By: Ken Kerschbaumer, SVG Editorial Director
Wednesday, June 20, 2012 - 4:00 am
For more than three years Daniel Fuehr, UEFA host broadcast venue and operations manager, TV production unit, and the rest of the venue-operations team at UEFA have had the daunting task of making sure Euro 12’s eight venues across Poland and the Ukraine meet not only the needs of the core host-broadcast feed seen around the world but those of dozens of broadcasters from Europe and beyond who are on-site to add a personal touch to the broadcasts.
“You have to adapt to the local culture,” says Fuehr of how an international organisation must approach working with local venue operations, construction, and other personnel. “You can’t just say, ‘This is how we do it.’ We have a framework and have adapted it to the local culture, whether it is manpower, setting up, or other assistance. You need to make the team work together.”
That work has paid off so far because all eight venues, both those that are new and those that have existed for decades, have a similar feel when it comes to broadcast operations. Each has a broadcast compound between 5,500 and 7,000 square meters, plenty of room for the multilateral production trucks for the TV signals and scoreboard video and those from broadcasters doing unilateral coverage. Camera positions are the same from venue to venue, and technical offerings like pitch-side studios, internal studios, lighting, and camera connections are consistent in feel, connectivity, and location.
The goal is simple: to minimise the amount of technical setup required for each match.
“The only areas a unilateral broadcaster will need to run cables is the mixed zone, their unilateral camera positions, and the press-conference area,” says Fuehr. “Even the trucks just arrive and plug into the compound [for camera signals]. It avoids having messy cables, safety risks, and having us assisting on cable runs.”
Each venue has approximately 180 people on-site working on the TV production. The core production teams work at two venues, and now, with the tournament heading into the next phase, only four venues will be in use: Warsaw, Gdansk, Kyiv, and Donetsk.
Although the crews have moved between venues, the OB units have not. Fuehr says the distances are too large, road conditions and traffic too uncertain, and, most important, this year, the OB unit is used to produce content the day before the actual match.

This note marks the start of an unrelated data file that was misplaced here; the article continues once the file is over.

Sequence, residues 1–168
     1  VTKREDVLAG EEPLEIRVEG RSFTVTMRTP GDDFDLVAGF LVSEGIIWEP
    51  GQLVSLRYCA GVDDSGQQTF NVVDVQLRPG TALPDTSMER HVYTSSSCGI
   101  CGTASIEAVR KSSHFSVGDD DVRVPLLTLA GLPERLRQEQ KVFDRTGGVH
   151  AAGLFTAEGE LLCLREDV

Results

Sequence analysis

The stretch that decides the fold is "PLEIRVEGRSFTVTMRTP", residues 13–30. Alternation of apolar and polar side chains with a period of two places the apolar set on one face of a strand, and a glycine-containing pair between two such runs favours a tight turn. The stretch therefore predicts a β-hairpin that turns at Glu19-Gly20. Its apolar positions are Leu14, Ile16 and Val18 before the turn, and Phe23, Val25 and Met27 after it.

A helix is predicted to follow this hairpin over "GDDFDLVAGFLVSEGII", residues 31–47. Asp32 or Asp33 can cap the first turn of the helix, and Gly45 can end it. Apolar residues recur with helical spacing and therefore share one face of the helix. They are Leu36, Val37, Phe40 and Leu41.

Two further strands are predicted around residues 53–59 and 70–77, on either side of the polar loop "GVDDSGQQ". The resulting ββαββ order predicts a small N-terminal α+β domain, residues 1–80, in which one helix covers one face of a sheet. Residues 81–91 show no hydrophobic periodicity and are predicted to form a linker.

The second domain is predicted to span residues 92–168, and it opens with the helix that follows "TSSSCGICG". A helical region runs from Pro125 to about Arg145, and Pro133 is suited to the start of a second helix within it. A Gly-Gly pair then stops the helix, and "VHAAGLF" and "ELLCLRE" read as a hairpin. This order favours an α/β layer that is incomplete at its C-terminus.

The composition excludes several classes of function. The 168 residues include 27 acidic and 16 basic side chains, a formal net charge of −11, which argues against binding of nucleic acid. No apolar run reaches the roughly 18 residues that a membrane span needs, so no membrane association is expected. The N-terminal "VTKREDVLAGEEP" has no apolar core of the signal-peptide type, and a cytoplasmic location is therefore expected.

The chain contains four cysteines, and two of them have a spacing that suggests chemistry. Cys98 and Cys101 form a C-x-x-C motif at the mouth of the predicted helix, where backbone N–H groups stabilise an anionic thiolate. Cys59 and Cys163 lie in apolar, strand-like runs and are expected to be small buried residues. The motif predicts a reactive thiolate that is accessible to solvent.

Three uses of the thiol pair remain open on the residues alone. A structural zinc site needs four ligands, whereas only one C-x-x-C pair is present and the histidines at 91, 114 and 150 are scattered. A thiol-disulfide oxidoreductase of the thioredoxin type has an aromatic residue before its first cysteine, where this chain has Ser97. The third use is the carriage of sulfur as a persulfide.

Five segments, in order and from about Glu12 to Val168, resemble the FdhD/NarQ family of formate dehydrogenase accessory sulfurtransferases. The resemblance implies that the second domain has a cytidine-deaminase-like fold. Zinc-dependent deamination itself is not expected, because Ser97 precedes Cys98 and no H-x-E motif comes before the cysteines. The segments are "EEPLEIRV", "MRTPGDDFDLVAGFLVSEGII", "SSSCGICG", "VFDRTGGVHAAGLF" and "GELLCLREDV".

“We are delivering coverage of training and practices so that full production day cuts off another travel day,” he adds.
Inside the stadium
Broadcasters have a number of options to have an actual presence within the venue. Four pitch-side studio locations, each measuring 4 x 3 meters, are available with pre-cabling and available first to the broadcasters from the two nations that are playing. And inside the stadium (and near the tunnel that leads to the pitch) are eight unilateral flash positions complete with lighting.
“Those all have the cables hidden nicely so that broadcasters can just plug and play,” says Fuehr. “It’s super clean because there are a lot of people in the area prior to and after the match.”
And new this year are two studios on simple platforms located on the tribune level, where the other larger broadcast studios are located. Positioned in the corner of the tribune level, they provide a panoramic view of the pitch and also give the broadcasters a chance to be on-air right up to match time.
“It’s better for broadcasters because the pitch-side studios need to be off the field 10 minutes prior to the match, and that final 10 minutes is an interesting time,” says Fuehr. “So we constructed two fully equipped platforms.”
And even the commentary positions have a new offering. They are tight quarters, with commentators located in a large section in the second level overlooking the pitch. But small robotic cameras can be located behind each commentator table and, coupled with touchscreen tablets, can allow broadcasters to stand up, turn to the camera, and deliver images with the pitch behind them, perfect for pre-game,
halftime, and post-game coverage.
Audio signals from the commentary positions are delivered to a commentary control area inside the stadium that then delivers the signals via fiber circuits to the IBC where they are then delivered to the correct broadcaster. Signals can also be passed out to unilateral production trucks in the compound.
The success to date is the latest example of how proper planning and coordination with stadium personnel can make a difference when the event begins.
“Quite a lot of the venues were new, and we were able to be part of that process and allocate our space needs quite early,” adds Fuehr. “And we’ve also been able to work alongside other departments in EUFA to help us with technical areas and allocation of studios.”